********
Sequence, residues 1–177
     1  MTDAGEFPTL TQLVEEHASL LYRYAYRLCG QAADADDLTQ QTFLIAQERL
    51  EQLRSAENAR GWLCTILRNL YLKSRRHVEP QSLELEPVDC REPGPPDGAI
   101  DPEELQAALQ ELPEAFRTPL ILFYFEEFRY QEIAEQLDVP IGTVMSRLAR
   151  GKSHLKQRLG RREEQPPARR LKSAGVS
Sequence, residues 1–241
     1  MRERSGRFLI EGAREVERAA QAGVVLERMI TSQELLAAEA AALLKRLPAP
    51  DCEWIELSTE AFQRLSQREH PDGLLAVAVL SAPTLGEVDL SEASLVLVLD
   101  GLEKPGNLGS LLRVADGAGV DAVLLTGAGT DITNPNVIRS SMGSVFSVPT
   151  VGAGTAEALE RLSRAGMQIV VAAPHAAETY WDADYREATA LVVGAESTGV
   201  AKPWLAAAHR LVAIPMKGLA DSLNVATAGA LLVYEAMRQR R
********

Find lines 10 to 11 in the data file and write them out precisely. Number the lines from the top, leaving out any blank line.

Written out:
   151  VGAGTAEALE RLSRAGMQIV VAAPHAAETY WDADYREATA LVVGAESTGV
   201  AKPWLAAAHR LVAIPMKGLA DSLNVATAGA LLVYEAMRQR R